Recently I had the great good fortune to have work accepted in another gallery.  I’ve had my eye on this gallery for some time, for I love its charm.  Called the “Back Alley Gallery”, it is housed in a wonderful little building tucked in behind stores in Libertyville, a town near my home.  Libertyville is one of those towns you wish you lived in…concerts in the park amid the rose garden, several coffee shops and local eateries, etc.  People get out and walk around, here.  All year something is going on to draw people out.  And, art thrives here!

I’ve been working away, building up an inventory, and this year I decided it was time to get out there and get noticed.  Heart pounding, I went in to introduce myself.  I’m so glad I did.  I found the owners to be kind , warm, and welcoming.  I showed them my portfolio, and was surprised that the ones they all gravitated to were the abstract pieces I had put in there just for fun!  Who knew?  I have thought that people are growing tired of representational art and are hungering for the essence of things, not just the representation of them.  What do you think?  Have you noticed this as well?

At any rate, in honor my new gallery, I thought I’d better do  some more abstract paintings.  I hope you like it, and I would welcome any comments on how it might be improved.

Still Waters

When my family moved to Lake County, Illinois back in 1974, the roads were narrow, the fields were wide.  Wetlands and pothole lakes left over from the last glacier stretched to the horizon.  The weather here was, um, dramatic, compared with what I was accustomed to.  Being a kid, I thought snow drifts taller than I am were extremely cool.  The old country roads frequently drifted over in the winter.  Hard to imagine what a bucolic place this used to be, now that I think about it.  Back then, though,  deer, eagles, hawks, canadian geese and cranes were all pretty much gone.  The land felt empty…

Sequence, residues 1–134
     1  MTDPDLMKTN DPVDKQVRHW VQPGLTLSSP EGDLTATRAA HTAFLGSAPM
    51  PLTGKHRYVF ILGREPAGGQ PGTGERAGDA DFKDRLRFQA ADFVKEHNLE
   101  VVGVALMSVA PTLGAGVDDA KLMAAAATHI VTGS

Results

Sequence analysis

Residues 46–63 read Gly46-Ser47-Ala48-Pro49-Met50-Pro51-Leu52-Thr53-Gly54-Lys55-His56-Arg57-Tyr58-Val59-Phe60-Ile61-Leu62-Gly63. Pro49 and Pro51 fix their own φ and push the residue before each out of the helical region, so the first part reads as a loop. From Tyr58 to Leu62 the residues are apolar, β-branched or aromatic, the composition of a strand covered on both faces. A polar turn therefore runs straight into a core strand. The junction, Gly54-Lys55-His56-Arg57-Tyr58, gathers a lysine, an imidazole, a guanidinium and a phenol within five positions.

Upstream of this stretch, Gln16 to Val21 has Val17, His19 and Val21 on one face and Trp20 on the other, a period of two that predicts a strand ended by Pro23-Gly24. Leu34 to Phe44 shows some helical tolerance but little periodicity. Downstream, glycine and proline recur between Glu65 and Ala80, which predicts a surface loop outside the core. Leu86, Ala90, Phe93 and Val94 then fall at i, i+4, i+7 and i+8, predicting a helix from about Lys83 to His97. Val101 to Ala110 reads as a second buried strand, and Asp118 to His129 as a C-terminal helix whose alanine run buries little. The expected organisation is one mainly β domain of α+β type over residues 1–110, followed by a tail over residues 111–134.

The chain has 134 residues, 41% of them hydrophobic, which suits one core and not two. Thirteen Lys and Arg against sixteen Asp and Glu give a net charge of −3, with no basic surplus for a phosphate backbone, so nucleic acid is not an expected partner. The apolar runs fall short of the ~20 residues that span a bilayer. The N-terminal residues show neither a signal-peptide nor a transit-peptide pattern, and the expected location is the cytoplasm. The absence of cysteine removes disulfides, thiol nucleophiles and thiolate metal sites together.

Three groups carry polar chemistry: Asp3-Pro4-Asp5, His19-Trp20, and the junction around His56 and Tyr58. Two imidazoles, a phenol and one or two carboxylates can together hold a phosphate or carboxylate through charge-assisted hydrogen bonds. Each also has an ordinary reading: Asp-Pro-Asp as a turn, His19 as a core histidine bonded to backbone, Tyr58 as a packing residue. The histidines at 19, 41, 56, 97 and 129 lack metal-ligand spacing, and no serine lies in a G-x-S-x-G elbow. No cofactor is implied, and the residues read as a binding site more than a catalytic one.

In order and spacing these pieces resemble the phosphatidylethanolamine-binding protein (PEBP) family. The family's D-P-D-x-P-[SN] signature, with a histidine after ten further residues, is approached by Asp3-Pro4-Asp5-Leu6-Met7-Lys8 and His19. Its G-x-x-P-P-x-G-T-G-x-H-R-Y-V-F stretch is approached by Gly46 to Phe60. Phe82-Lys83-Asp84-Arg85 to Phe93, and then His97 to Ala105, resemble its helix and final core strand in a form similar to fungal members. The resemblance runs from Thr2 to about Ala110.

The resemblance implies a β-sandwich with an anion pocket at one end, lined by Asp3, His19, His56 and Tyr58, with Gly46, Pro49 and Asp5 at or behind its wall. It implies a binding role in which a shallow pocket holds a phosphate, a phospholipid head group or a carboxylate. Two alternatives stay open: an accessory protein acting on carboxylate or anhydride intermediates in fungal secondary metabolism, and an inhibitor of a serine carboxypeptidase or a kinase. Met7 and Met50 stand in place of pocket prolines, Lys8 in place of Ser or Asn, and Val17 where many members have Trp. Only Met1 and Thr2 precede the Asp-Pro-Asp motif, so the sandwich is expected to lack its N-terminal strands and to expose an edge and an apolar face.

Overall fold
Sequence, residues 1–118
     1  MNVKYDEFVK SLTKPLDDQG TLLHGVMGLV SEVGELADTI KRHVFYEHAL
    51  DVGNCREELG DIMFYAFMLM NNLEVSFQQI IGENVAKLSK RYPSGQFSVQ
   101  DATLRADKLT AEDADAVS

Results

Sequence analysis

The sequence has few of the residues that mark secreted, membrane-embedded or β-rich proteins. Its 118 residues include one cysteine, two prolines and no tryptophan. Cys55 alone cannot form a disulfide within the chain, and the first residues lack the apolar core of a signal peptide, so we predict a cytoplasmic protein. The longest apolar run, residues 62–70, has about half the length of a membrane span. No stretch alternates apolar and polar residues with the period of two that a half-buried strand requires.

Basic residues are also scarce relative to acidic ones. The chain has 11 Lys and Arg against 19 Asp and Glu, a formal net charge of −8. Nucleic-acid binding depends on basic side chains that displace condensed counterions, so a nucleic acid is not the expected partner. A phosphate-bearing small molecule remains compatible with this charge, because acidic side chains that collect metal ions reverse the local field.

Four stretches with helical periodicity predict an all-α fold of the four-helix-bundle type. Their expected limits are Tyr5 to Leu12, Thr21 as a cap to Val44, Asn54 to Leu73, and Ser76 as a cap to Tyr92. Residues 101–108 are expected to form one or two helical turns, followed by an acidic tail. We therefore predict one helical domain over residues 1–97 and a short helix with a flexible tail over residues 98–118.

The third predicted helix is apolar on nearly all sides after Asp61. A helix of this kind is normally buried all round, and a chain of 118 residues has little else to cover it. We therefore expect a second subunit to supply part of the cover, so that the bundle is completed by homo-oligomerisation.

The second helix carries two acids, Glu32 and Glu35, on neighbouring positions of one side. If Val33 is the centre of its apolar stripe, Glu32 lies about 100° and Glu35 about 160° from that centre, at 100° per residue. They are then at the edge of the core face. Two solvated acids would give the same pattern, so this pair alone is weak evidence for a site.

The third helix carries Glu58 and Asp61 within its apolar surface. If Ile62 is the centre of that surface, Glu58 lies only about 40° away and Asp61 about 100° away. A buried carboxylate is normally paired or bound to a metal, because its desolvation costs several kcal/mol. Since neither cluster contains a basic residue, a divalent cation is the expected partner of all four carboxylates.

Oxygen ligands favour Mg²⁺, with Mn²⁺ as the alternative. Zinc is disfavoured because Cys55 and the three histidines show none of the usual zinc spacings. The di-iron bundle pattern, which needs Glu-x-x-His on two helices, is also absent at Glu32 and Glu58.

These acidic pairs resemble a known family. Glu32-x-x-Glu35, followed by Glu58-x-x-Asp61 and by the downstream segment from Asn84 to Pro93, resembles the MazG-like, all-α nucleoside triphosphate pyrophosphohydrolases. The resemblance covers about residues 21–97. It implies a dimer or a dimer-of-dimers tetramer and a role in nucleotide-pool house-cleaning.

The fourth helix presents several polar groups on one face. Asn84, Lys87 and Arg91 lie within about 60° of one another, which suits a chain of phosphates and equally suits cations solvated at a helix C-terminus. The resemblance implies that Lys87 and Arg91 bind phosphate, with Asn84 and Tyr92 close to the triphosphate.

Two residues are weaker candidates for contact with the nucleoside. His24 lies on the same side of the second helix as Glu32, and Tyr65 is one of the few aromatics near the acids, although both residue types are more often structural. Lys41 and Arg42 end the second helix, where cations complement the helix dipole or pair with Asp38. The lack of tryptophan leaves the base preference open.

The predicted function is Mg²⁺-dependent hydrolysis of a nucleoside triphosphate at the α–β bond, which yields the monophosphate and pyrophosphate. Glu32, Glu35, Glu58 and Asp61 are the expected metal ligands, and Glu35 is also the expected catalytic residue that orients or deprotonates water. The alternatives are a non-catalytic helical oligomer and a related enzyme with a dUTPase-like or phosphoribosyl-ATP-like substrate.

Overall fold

People being the restless creatures that we are, by the time I was done with college things had begun to change.  I won’t express, here, my feelings about greedy contractors who buy up huge tracts of land, rape it of its trees and very topsoil and crowd it with boring beige mcmansions, nor for the short-sighted idiot village boards who agree to this….(ahem)….Suffice it to say, this is now one sprawling bedroom community of Chicago.  There are a lot of downsides to this, but this isn’t what I want to focus on.  No.  Although I do resent all of the above, that is what it is.  There is another side to the coin and this is where I find my happiness.

All along, the Lake County Forest Preserve District has been quietly negotiating with land owners to purchase tracts of land.  The plan is brilliant; we have public golf courses and preserves designed for varied use, and we have wonderful parcels set aside for the preservation of nature.  You can walk into these places and feel your chest expand, your shoulders drop, your breath deepen.

One of these special places was once a farm.  It had been drained, but otherwise much of its character was intact.  Since it became the Rollins Savanna, the drain tiles were broken.  In short order water returned, along with several ground nesting birds.

All the while, too, people have been working to restore habitats, stop the use of persistent pesticides, clean polluted air and water.  Now, all of those creatures I mentioned are back, re-weaving the fabric of their ecosystems.  The land is no longer empty.  There isn’t as much of it, but what has been saved is cherished.  This makes me happy.  The next time you hear anyone bashing our species, remind them of the good we also do.

Still Waters, Rollins Savanna